Want to make money on the side with your tech skills (and help others in the process)? Consider tutoring high-school or middle-school students in your field of expertise. It's a great excuse to continue your own lifelong learning, pass your skills along to a new generation, and, of course, pull in that side cash.
Since 2006, NASA has had a trio of small, free-flying robots on board the International Space Station. Called SPHERES (Synchronized Position Hold Engage and Reorient Experimental Satellites), these robots have spent about 600 hours participating in an enormous variety of experiments, including autonomous formation flying, navigation and mapping, and running programs written by middle school students in team competitions. But beyond serving as a scientific platform, SPHERES weren't designed to do anything especially practical in terms of assisting the astronauts or flight controllers, and it's time for a new generation of robotic free fliers that's fancier, more versatile, and will be a big help for the humans on the ISS.
Nothing reveals as much about a society, and its future, as its high schools. Yet amid accelerating change -- widening inequality, unprecedented globalization and technological advances -- they've woefully lagged behind. There are, of course, exceptions. Follow OZY's special series High School, Disrupted to find out about the global leaders, cutting-edge trends and big ideas reimagining secondary education -- for the better.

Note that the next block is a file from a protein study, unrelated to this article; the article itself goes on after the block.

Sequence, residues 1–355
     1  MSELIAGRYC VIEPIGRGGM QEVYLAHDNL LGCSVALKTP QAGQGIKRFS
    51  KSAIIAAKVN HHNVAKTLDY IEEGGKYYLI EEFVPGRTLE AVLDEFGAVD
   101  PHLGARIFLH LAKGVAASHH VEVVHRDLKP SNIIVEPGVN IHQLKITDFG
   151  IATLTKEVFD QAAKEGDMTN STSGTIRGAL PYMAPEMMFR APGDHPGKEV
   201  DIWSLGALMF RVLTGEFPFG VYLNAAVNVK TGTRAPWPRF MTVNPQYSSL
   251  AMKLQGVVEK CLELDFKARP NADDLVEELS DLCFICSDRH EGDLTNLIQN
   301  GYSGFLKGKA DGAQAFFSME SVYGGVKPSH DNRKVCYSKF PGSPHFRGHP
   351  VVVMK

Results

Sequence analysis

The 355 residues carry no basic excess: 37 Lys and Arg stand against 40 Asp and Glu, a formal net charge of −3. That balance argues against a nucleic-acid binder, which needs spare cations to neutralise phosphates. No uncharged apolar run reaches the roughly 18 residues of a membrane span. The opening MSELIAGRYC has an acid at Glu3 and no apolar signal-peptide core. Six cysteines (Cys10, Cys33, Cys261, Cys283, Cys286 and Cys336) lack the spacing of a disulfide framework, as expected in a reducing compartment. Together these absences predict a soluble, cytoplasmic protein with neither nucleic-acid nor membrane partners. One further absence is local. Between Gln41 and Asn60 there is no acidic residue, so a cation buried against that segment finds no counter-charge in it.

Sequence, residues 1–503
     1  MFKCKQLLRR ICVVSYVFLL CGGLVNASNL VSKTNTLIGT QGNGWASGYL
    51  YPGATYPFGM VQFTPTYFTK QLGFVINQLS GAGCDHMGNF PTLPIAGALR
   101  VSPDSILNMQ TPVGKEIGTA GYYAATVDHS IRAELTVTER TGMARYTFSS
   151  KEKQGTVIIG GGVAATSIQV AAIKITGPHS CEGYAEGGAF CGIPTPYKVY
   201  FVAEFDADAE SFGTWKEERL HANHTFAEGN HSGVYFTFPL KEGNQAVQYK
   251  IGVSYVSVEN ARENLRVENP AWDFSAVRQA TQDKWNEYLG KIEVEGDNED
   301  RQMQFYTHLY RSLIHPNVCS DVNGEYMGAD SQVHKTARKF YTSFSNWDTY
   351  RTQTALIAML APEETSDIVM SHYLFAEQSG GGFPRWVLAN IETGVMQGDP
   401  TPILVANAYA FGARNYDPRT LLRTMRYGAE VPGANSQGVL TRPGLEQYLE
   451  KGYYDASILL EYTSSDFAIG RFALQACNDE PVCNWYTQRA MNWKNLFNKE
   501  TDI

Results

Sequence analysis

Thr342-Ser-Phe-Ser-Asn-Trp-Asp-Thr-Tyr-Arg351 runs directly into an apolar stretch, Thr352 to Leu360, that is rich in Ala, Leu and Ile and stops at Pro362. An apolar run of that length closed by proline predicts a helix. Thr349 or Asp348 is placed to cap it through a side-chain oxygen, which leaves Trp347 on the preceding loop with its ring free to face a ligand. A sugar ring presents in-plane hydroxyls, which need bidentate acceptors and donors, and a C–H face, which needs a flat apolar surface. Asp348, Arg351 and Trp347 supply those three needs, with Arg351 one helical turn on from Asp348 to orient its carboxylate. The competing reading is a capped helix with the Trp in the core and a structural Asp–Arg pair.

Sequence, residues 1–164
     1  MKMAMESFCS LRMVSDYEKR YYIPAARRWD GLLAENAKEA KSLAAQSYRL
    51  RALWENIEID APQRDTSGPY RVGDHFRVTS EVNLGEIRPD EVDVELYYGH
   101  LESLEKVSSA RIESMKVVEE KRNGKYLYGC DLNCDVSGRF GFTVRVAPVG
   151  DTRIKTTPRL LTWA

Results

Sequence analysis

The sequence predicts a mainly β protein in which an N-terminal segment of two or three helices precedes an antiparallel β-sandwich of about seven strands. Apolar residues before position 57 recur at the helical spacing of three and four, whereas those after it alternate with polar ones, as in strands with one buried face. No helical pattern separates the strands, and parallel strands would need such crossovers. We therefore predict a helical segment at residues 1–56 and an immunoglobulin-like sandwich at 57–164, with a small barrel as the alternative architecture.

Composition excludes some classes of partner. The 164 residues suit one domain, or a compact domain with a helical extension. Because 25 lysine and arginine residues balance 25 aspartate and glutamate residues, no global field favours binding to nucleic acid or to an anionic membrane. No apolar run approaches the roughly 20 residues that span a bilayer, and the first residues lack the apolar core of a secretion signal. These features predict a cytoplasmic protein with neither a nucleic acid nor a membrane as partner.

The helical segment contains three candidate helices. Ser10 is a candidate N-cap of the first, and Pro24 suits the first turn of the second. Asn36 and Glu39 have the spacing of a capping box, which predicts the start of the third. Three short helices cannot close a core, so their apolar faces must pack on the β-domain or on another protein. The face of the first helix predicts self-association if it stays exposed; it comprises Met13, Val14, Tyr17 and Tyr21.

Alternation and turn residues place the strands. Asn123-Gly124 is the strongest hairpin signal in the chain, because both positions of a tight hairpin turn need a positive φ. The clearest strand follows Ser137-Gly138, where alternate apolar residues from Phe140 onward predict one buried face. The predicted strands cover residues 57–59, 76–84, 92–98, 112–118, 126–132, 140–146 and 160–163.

The Talented and Gifted Program (TAG) in New Haven is a comprehensive kindergarten through twelfth grade program that has a different format for each of its four components. The 4-7 program, upon which this paper focuses, is comprised of three resource rooms in three different schools in the city. The 4-7 TAG resource rooms provide an enrichment, rather than strictly accelerated, program. Guest speakers who are experts in related fields are frequent visitors to the resource rooms.
During which season of the year would a rabbit's fur be thickest? A computer program called Aristo can tell you because it read about bears growing thicker pelts during winter in a fourth-grade study guide, and it knows rabbits are mammals, too. It's studying for New York State's standard science exams.
Born and raised in Honolulu, Hawaii, Lauren Uhr came to MIT for the research. Her first introduction to the Institute came through a research project she worked on in her hometown with John Chen '84, a thoracic surgeon who studied chemical engineering and biology while at MIT. "Dr. Chen told me about his great experience at MIT and in Boston and encouraged me to apply," Uhr says.
On Feb. 15, 1965, a diffident but self-possessed high school student named Raymond Kurzweil appeared as a guest on a game show called I've Got a Secret. He was introduced by the host, Steve Allen, then he played a short musical composition on a piano. The idea was that Kurzweil was hiding an unusual fact and the panelists they included a comedian and a former Miss America had to guess what it was.